Different Levels of Navigation
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Global navigation is sections or areas of the website that are consistently available to users no mater what section is currently being viewed. Secondary navigation is areas that are specific to a single section of the website. Contextual navigation tends to be more subtle and, yet, it is the most widely used type of navigation system. Any links you use within the content matter of the page is also providing navigation. Usually, it is meant as navigation to additional information relevant to the subject matter, but it is still navigation. It is still a navigation system that you should take care to design well. Contextual navigation establishes credibility and trust with users. If links point to outdated information or, worse yet, are broken links, users quickly become frustrated with your website and question its validity.
Decide on a color scheme for the navigation that will fit well with the color palette of the entire website. Keep from using these colors in other elements of the web page that you use in the navigation system for one specific reason: as users become more familiar with the website, they will associate all consistent properties as a part of the navigation system. Suppose you have orange links that turn blue on a rollover and it is a link. Then everytime I come across orange text, I will assume it is a link. When nothing happens, I will think something is wrong with my computer. In another scenario, if the navigation is at the top right of the page and I view another page, I will look for that navigation in the same place and expect the exact same verbiage. More on verbiage in a second. I want to clarify the point that it is important to remain consistent. What will be the color of the text of all links? Will I even use text as links or will I use graphics? Should I implement a rollover effect? If I do a rollover effect, is it helpful or distracting? Is the navigation in the same place on every single page? How many levels of navigation are you going to provide? Are those different levels of navigation in the same location on every single page?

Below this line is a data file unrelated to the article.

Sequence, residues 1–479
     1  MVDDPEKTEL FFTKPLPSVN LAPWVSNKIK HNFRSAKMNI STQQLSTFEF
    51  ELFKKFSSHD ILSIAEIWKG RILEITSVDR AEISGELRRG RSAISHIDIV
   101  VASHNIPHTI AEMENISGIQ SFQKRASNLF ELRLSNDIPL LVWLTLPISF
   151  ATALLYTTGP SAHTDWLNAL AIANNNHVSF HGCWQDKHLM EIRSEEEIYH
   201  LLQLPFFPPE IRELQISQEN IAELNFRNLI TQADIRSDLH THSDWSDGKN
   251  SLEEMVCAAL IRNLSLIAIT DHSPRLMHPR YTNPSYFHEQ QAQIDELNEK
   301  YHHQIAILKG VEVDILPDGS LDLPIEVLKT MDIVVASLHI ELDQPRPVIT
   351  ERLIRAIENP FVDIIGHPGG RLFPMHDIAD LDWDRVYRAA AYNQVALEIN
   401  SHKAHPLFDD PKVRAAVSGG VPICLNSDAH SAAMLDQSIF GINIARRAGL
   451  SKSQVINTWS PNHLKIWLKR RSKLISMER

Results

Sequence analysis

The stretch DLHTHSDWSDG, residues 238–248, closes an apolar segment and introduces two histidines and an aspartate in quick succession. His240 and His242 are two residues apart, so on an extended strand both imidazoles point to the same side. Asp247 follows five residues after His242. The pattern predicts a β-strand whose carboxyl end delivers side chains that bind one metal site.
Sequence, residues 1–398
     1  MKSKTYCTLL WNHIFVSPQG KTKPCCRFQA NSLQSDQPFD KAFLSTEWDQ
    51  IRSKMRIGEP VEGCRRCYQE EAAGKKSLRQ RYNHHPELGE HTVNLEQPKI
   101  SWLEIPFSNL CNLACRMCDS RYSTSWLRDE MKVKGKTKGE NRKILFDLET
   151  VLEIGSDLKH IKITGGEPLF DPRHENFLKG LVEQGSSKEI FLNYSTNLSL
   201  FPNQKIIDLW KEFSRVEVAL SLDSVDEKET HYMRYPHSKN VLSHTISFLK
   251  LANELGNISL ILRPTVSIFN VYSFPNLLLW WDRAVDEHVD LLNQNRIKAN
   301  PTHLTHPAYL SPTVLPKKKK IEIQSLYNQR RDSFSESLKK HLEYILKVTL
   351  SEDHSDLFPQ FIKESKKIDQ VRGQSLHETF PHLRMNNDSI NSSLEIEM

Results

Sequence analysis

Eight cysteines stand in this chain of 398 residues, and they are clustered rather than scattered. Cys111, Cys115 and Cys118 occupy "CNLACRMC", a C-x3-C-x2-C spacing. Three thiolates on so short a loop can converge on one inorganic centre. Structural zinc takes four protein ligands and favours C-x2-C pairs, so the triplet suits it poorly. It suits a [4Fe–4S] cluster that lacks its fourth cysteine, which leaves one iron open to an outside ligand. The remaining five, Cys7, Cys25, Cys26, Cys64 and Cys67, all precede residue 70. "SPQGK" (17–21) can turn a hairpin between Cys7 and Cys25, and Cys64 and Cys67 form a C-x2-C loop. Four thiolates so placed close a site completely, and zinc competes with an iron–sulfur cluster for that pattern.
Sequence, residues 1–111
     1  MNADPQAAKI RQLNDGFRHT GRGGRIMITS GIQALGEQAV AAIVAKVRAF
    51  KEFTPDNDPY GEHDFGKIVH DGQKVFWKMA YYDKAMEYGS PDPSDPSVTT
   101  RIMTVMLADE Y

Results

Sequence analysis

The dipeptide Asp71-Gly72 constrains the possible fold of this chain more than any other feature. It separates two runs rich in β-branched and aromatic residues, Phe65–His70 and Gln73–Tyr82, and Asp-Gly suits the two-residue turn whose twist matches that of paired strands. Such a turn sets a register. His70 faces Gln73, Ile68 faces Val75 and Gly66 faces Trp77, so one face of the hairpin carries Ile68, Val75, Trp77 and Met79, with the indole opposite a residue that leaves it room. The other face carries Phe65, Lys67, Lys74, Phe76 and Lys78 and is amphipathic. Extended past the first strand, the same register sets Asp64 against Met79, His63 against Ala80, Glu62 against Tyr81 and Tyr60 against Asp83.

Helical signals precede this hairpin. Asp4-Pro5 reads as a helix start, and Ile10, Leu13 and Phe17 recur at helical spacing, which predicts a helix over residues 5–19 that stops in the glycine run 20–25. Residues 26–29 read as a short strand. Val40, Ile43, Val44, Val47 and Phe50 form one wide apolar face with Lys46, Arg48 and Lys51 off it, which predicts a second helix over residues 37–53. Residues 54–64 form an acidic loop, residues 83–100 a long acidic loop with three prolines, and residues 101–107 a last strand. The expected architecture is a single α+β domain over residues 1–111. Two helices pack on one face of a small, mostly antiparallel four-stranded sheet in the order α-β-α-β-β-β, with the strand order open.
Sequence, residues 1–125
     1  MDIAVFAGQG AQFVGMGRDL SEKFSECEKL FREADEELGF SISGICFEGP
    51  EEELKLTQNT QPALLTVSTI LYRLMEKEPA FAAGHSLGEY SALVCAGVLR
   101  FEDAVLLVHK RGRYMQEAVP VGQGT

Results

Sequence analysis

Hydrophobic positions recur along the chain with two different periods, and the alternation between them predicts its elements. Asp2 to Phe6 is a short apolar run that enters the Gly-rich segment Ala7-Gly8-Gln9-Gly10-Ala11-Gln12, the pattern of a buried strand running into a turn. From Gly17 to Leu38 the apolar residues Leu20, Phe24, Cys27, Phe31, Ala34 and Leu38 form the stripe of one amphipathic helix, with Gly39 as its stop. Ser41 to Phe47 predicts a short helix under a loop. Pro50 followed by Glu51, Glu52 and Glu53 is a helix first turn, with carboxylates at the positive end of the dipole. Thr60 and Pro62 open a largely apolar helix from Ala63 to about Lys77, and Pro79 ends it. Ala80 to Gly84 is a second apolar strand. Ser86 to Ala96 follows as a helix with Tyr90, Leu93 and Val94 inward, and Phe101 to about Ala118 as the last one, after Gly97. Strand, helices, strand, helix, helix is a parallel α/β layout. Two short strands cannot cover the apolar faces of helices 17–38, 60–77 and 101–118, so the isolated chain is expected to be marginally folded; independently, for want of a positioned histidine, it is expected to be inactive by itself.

"Wait a minute. Where am I?" If you have to ask yourself this question when using a website, then you have experienced poor navigation design. Great navigation systems not only provide access to all areas of your website but also they let the user know where they are currently in the website. This can be achieved with color coordination or explicit descriptions. Apple (www.apple.com) is a good example of a website that uses color to show users where they are. Walmart (www.walmart.com) uses explicit description to communicate to users where they are in their website.